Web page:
The 10.5-inch iPad Pro represents Apple deciding to make a tablet with absolutely everything crammed inside of it. The best in audio performance, the cream of the company’s mobile screen tech, and all the power that can be crammed inside the metal walls of a digital slate. Make no mistake: the new iPad Pro is the device that Apple wants you to buy to replace your laptop if you’re not going to pay out for a new MacBook.
Ironically, the price is such that; when paired with the necessary accessories it’s not far off the cost of such a device, but the iPad Pro offers something a little different. It’s an entertainment hub that flips to become a mobile work station; the iPad Pro’s strength is that it can do many things well, and in a compact form. There’s only so much manufacturers can do to update a tablet these days beyond increasing the specs, as the use case for these devices hasn’t altered much over the years, beyond them now being able to serve as pseudo-tablet replacements with the addition of a keyboard.
Thanks to the awesome folks over at Verizon, today I get to personally tell you all about the new iPad Pro 2017 10.5-inch Verizon model. They sent me a 256GB Space Gray model over to me about 2 1/2 weeks ago and I’ve been using it since it showed up via FedEx. I unfortunately had to put it down and back into the box to be shipped back to Verizon and that wasn’t something I wanted to do at all. That said, Apple has shoved all the high-end specs it can into the new iPad Pro, and it really does make a difference; but are they the sorts of things that will really impress consumers, and is it enough to warrant the higher price?
If you’re familiar with any kind of iPad, then the new iPad Pro isn’t going to be a surprise. You’ve got the same rounded metallic back (and now there’s no plastic cut-out at the top of the device for the antennas, which improves the aesthetic) and it’s incredibly light in the hand at 469 grams. The protruding camera on the backside irks me slightly; you’d think that on a device this size there would be space to make it flush; but given that it’s using the same sensor as in the iPhone 7, I can see the choice Apple made here.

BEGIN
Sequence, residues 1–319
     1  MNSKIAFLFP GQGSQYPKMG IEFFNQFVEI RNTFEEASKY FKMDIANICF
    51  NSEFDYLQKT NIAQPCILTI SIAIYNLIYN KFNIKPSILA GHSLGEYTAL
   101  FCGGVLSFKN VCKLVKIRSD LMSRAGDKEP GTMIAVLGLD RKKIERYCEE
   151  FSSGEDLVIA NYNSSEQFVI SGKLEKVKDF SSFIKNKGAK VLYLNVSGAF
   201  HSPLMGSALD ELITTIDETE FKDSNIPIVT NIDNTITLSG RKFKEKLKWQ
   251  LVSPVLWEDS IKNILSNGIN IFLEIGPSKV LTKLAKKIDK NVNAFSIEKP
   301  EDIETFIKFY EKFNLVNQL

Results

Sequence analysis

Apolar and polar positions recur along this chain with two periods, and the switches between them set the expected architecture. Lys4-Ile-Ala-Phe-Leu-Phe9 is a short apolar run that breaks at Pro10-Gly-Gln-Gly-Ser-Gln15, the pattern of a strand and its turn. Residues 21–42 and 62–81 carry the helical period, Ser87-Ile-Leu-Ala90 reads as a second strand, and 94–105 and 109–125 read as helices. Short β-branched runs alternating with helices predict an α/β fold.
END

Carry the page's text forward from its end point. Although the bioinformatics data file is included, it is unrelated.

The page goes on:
Keeping the components smaller this way means there’s more space for the speakers, which have large resonance chambers to amplify the sounds coming out from the new iPad Pro. I’m so glad Apple decided to do this, as the audio from this tablet is just sensational; more on that later. It’s perhaps a shame that the 10.5-inch iPad Pro isn’t waterproof, as Apple clearly has the ability to make it so, as it demonstrated with the iPhone 7. However, apart from enabling it to be safely used in the bath or by the pool, waterproofing on a tablet is less necessary than on a phone, which can be accidentally dunked into many more wet things due to its size.
It feels redundant to talk about the build quality of this tablet, because the higher premium placed on Apple products does guarantee something that’s made to last and feel good in the hand. The buttons feel well machined and have a pleasing travel, everything is easy to find under the finger and the TouchID sensor at the base of the device is swift to respond, and within reach whichever orientation you hold the tablet in. You’ll spend a lot on this device, but at least you’ll get something that seems to justify the cost in terms of build quality.
Both of the earlier iPad Pro models had good screens, but neither were all that exciting. Not so this time: The Pro 10.5’s display is fantastic. For one, it’s a little bigger than the panels Apple once used in its iPads. I really like the 12.9-inch Pro in theory, but it was always too hefty to lug around (especially since I often have a laptop with me, anyway). And the 9.7-inch Pro was fine for reading and video, but less than ideal when I needed to get work done. It honestly would’ve been nice to get an even bigger screen this time; say, 11 inches; but Apple’s size decision here was at least a step in the right direction. And because Apple bumped this screen’s resolution to 2,224 x 1,668, it’s just as crisp as every other Retina iPad display.
This is also Apple’s first ProMotion screen, which means it refreshes at a rate of 120Hz instead of the typical 60Hz. As a result, scrolling and animations are almost startlingly smooth. Your TV probably has a similar feature, which makes actors on-screen look like they’re walking around a sound stage instead of their fictional world. Here, it just makes the action look more fluid, as though the icons you’re pushing around a home screen are real objects. Frankly, I don’t want to go back to a non-ProMotion iPad after this.